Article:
Disclosure: This post was written last night and scheduled to post this evening, as I am currently at the boy scout camp. I plan to take my camera and snap a ton of photos.
Yesterday, I started an impromptu essay on what makes science fiction compelling. Today, I want to continue that discussion with some Asimov. Isaac Asimov is not what I consider a hard SF writer, despite all the scence books he wrote.
Oh, he could include rigor when he wanted, but it was his social SF that really made his name. First, let's talk about I, Robot. This is nothing like the Will Smith movie of the same name. Asimov's book is a series of interconnected short stories that study one cool idea--the three laws of robotics.
A robot may not injure a human being or, through inaction, allow a human being to come to harm.
A robot must obey orders given to it by human beings, except where such orders would conflict with the First Law.
A robot must protect its own existence as long as such protection does not conflict with the First or Second Law.
The fun of I, Robot is trying to figure out how the three laws fit into the story. The robots always follow the rules, but not necessarily in predictable ways. Once you get that concept into your mind, you just can't wait to see what's next. In that sense, I, Robot is similar to James Bond. You know he's going to win, the fun is in finding out how.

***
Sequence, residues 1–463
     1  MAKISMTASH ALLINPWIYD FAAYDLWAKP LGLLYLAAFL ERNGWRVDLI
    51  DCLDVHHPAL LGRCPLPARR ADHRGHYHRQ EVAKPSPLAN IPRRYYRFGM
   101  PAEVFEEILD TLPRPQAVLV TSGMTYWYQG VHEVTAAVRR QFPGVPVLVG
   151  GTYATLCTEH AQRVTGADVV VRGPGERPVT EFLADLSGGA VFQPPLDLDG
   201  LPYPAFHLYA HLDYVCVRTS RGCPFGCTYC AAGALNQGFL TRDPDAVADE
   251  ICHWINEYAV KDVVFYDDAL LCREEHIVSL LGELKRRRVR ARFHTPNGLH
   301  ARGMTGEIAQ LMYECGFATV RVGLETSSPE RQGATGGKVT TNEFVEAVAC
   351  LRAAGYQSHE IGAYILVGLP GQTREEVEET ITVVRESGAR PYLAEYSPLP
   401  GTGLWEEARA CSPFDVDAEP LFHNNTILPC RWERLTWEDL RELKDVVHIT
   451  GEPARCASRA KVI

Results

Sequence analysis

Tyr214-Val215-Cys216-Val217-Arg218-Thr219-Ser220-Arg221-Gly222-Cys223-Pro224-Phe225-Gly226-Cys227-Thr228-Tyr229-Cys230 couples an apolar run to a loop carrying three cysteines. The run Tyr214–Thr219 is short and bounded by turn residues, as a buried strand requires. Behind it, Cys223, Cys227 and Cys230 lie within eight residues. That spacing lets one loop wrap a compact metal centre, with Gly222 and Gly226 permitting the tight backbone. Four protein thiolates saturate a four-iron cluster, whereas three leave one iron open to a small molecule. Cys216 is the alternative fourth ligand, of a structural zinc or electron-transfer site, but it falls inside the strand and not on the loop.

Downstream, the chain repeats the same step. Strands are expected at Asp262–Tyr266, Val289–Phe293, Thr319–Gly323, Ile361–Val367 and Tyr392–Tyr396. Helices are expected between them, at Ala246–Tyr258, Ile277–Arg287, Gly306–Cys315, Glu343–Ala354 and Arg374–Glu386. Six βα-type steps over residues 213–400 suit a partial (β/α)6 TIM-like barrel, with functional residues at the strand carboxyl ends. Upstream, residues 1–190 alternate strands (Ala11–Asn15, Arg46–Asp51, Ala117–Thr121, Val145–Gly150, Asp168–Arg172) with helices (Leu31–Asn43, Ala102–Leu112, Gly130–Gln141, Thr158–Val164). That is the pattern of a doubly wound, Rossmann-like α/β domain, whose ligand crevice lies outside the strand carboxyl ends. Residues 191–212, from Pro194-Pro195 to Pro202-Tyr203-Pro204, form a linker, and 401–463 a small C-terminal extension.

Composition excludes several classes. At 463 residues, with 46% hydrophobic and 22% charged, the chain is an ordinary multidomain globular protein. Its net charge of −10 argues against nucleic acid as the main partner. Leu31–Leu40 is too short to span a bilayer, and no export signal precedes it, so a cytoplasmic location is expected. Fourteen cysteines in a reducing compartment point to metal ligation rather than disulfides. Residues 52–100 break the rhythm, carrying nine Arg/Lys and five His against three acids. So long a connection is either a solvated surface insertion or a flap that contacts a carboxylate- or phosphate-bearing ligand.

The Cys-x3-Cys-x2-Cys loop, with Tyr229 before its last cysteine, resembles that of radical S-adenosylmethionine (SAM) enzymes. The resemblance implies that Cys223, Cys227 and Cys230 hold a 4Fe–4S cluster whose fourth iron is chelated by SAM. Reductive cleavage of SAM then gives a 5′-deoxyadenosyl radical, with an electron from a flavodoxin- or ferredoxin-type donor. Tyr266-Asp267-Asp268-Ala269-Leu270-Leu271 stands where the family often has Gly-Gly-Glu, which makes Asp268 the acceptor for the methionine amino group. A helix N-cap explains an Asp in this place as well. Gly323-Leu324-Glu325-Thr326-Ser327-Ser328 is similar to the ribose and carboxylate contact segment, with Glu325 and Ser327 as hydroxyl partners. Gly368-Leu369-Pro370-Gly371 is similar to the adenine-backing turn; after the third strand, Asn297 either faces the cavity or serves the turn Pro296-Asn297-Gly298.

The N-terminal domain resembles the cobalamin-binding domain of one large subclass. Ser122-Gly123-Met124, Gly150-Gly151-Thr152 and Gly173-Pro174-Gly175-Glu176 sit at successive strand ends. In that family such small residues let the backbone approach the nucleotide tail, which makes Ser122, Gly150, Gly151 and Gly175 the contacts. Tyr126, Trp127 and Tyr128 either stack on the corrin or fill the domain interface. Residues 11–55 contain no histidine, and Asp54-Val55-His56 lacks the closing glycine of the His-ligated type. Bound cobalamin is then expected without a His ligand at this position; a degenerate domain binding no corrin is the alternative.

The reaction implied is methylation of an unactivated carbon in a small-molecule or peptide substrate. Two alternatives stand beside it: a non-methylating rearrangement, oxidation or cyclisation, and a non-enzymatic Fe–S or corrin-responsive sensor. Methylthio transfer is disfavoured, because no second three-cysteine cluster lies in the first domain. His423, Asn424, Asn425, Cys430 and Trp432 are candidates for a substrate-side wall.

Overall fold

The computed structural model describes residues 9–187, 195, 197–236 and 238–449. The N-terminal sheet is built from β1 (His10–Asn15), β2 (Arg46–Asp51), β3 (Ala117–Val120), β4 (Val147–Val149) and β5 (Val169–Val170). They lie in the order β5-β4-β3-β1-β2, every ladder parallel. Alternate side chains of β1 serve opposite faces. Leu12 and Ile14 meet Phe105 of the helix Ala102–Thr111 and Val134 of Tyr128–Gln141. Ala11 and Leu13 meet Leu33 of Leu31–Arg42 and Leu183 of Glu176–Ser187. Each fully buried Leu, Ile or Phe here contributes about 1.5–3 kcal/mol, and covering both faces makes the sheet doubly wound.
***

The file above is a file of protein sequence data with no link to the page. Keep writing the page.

The other shining Asimov example of compelling fiction is Foundation and the sequels. It's been a long time since I read a Foundation book, so forgive any memory slips.
Foundation is different in the sense that we follow the evolution of a society over the course of many generations. (The parallel with Dragon's Egg ends here. We can never experience the Cheela from the inside the way we can with a human society.) It hinges on the development of a branch of mathematics called psychohistory, where large scale prediction of the future can be deterministically calculated. You can read a detailed summary of the Foundation series here.
Science Fiction often hinges on the "cool idea." It's part of what makes the genre so fun to write, and fun to read. Sometimes the cool idea is small, like ice nine in Vonnegut's Cat's Cradle. The simple idea of a form of water ice that turns solid at room temperature has enormous ramifications. (And yes, Vonnegut really is a science fiction writer.)
Today's yard plant is a Texas Ranger Sage. It isn't a true sage. You wouldn't want to use it in cooking, but it still looks a lot like one. This is one of 1 -- 2 -- 3 -- 4 -- 5 -- well, a bunch of them I have. This one is fairly small. The dogs are occasionally tied outside, like when the plumber visits. The leash gets caught around the bush and rips it up. This one was cut to the ground last year. The things can get as tall as 8 feet tall if not trimmed. Luckily, I caught almost all my sages while they were flowering.